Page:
By: Grant Fraser
When American journalist John B.L. Soule first coined the phrase “Go west young man” in 1851, he was referring to the opportunity that awaited anyone daring enough to travel into the American wilderness in search of a new life and untold prosperity. He certainly wasn’t referring to the game of golf. Fast forward 160 years and it’s ironic that this phrase is equally applicable today especially for avid golfers in search of a truly unique golf experience.
As someone who grew up in Ontario, I have always been intrigued by the naturalness and beauty of Western Canada. Perhaps it’s the rugged Rocky Mountains, the abundant wildlife or the thought of knowing that within a short drive outside of major urban areas like Calgary or Edmonton you can find yourself literally in the middle of nowhere.
Recently, I had the good fortune of traveling through Alberta and playing some exceptional golf courses along the way. The starting point of my “Rocky Mountain High” golf adventure was Kananaskis, a remote destination an hour west of Calgary and the home of two exceptional golf courses that comprise the Kananaskis Country Golf Course. Appropriately named the Mt. Kidd and the Mt. Lorette courses after the two dominant mountains that rise above the fairways, Kananaskis was the brainchild of former Alberta Premier Peter Lougheed. The golf course development remains under provincial ownership and serves as an exemplary example of a public and private sector partnership. Not surprisingly, these Robert Trent Jones Sr. designs were recently named by Golfweek magazine as being two of Canada’s top five courses to play.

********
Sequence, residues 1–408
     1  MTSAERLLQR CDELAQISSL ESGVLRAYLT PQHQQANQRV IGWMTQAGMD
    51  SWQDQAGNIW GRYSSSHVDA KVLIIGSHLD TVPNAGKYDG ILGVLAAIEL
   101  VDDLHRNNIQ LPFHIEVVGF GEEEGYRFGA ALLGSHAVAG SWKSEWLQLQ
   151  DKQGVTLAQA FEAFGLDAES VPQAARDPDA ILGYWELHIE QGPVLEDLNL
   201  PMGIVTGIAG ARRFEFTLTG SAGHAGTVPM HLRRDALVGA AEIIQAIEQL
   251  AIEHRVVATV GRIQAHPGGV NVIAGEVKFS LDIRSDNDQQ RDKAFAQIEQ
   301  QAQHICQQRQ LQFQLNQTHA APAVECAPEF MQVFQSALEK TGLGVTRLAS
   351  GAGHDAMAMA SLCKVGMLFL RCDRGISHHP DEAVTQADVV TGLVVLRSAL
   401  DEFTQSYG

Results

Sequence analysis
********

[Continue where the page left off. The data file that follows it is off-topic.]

From Kananaskis I headed north to Jasper. Over the years, I had heard so much about Jasper, The Fairmont Jasper Park Lodge and its championship golf course. With a population of approximately 5,000 permanent residents (this figure more than triples during the peak winter and summer months), Jasper is one of those special places in the world that is difficult to leave. On more than one occasion I asked several people the question, “So, how long have you lived here?” The response was always the same. “I arrived here a few years ago and never left.” This really comes as no surprise especially for lovers of the great outdoors. Spanning more than 10,000 sq. km., Jasper National Park is one of North America’s largest natural unspoiled areas.
In addition to the Park and Jasper’s rural charm, it is the venerable Fairmont Jasper Park Lodge Golf Course that attracts many to the area. Designed by Stanley Thompson, Canada’s preeminent golf course architect, Jasper Park may be the best golf course in Canada. It is not the most difficult, but in terms of playability, ambiance, and its lasting effect on mind, body and spirit, it does not get any better than Jasper Park. For numerous reasons, Score Golf magazine rated Jasper Park the number one golf resort in Canada in 2010 and 2012.